I did discover that the plastic grommet that surrounds the tensioning screw needs to be removed in order for the M45A1 to fit. This only applies to the model for the M45A1 pistol without the light attached. Both holsters utilize the SLS retention system, which works better for me than the ALS system when used in conjunction with a pistol with a manual thumb safety.
Both of these holsters are available through London Bridge Trading or can be special ordered through any Safariland dealer.
Another 1911 Armorer Course is behind us. Before I get to the nuts and bolts of things, I would like to take a moment to thank those students who took time out of their busy schedules to spend the weekend training with us. In addition to folks local to Phoenix, we had students travel from Massachusetts, New Mexico, Illinois, and Tennessee. About half the students had taken the 1911 Diagnostics Course before, and one hardy student (thanks Rob!) had taken that course twice. We were also very fortunate to have in attendance two of the full time professional gunsmiths from Robar Industries, as well as one of their marketing staff. With all those experienced 1911 users on hand, we were able to get to business and cover a lot of material. Continue reading
It is now officially Day Two of the 10-8 Consulting 1911 Armorer’s Course. One of our intrepid students brought their fairly rare MARSOC M45A1 to class to work on. It has already been through a high round count pistol course, and belongs to an educated end user who knows how to keep his 1911s running. It was no surprise it passed all our function tests with flying colors.
It is practically a staple of internet gunsmithing posts for people to reference their Dremel in conjunction with any project that includes material removal. Used correctly, motor tools like the Dremel and the bigger brother, the Foredom, are absolutely the correct tool for the job. Sadly, the manner in which I see people using them is for the wrong job 99% of the time. See that flat metal thing pictured underneath the Dremel? Know what it is? Continue reading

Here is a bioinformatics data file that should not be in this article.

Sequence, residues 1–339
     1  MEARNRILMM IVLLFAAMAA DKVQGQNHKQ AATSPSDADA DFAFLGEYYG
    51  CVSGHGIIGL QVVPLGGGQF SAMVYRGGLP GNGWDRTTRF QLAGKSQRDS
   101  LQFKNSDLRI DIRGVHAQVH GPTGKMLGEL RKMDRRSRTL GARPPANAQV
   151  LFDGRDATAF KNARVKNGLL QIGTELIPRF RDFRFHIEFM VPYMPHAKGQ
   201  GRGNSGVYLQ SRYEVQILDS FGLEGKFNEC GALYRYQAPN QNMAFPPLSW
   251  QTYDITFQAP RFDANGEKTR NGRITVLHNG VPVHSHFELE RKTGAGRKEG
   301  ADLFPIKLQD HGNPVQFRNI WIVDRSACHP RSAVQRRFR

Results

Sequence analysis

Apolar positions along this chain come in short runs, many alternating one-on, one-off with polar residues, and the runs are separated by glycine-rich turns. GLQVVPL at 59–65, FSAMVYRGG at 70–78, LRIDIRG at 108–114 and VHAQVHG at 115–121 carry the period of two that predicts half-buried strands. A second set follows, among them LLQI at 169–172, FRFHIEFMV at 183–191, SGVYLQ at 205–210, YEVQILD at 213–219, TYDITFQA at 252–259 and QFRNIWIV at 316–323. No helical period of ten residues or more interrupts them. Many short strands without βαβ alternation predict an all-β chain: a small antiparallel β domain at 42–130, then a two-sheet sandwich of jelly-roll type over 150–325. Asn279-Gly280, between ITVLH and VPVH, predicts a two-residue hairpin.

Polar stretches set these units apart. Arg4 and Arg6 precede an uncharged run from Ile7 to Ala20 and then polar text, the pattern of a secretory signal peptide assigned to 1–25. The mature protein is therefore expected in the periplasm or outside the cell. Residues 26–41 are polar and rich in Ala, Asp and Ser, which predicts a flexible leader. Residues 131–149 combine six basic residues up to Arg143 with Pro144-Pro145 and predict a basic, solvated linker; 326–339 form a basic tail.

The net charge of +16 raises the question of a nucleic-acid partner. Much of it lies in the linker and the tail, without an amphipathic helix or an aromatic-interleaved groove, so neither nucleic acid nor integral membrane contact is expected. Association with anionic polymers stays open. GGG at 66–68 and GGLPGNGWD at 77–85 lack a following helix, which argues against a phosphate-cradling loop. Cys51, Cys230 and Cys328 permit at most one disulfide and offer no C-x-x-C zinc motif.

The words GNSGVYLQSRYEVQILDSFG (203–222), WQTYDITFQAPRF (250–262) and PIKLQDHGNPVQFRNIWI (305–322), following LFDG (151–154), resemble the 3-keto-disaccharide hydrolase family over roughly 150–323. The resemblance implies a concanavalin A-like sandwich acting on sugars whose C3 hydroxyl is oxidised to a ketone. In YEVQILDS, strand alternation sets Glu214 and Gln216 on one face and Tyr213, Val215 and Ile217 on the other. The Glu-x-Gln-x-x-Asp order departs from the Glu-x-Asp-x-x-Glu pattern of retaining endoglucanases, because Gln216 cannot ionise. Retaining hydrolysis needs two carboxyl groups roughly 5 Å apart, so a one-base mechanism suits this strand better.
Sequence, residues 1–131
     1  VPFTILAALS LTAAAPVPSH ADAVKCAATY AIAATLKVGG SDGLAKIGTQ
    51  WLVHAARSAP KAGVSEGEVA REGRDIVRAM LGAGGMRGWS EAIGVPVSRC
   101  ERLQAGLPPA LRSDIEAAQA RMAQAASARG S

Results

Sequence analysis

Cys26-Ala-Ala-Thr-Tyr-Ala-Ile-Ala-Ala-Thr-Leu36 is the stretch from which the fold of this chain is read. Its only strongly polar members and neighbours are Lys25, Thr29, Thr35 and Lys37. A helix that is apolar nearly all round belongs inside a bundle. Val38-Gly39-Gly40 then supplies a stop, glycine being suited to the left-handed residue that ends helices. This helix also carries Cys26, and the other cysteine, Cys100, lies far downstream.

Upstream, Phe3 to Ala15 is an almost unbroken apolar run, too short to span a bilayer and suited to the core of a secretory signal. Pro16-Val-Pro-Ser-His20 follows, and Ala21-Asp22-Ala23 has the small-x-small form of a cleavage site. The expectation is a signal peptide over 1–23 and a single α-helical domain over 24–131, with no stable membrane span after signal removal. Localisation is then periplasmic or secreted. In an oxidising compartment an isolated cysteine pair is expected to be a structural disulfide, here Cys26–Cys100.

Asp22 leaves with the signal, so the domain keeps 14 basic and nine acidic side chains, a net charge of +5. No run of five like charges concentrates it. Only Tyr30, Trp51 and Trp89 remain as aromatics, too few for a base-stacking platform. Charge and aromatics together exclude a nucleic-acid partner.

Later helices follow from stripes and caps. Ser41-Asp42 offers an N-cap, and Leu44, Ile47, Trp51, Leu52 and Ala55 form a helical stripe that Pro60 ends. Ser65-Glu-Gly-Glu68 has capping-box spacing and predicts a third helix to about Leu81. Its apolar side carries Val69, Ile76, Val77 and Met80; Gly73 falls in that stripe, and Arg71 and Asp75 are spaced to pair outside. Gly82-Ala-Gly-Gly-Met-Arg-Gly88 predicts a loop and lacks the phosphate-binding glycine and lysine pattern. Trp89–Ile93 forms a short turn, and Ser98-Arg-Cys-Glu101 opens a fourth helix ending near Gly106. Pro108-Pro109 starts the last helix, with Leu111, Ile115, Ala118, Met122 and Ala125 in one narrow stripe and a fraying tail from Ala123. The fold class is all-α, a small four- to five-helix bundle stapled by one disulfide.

The Charlie build, after 1000 rounds fired without cleaning or lube.
In my last installment, I took a look at some common 1911 reliability excuses. The ensuing discussion brought up a few common misconceptions about 1911 reliability – lubrication requirements, and overall tightness of the build. I had tested these two ideas a few years back by building a factory grade 1911 for some lube and sand testing. Continue reading
My friend and MSW contributor Steve Harris takes a perverse pleasure in tormenting me with links to poorly written 1911 reviews. In reading these reviews, I see the same excuses for 1911 malfunctions as I typically see in training classes. Instead of excuses, let’s try to understand what is really happening so that we can fix it instead. Today we will take a look at a few of the common issues and their accompanying excuses. Continue reading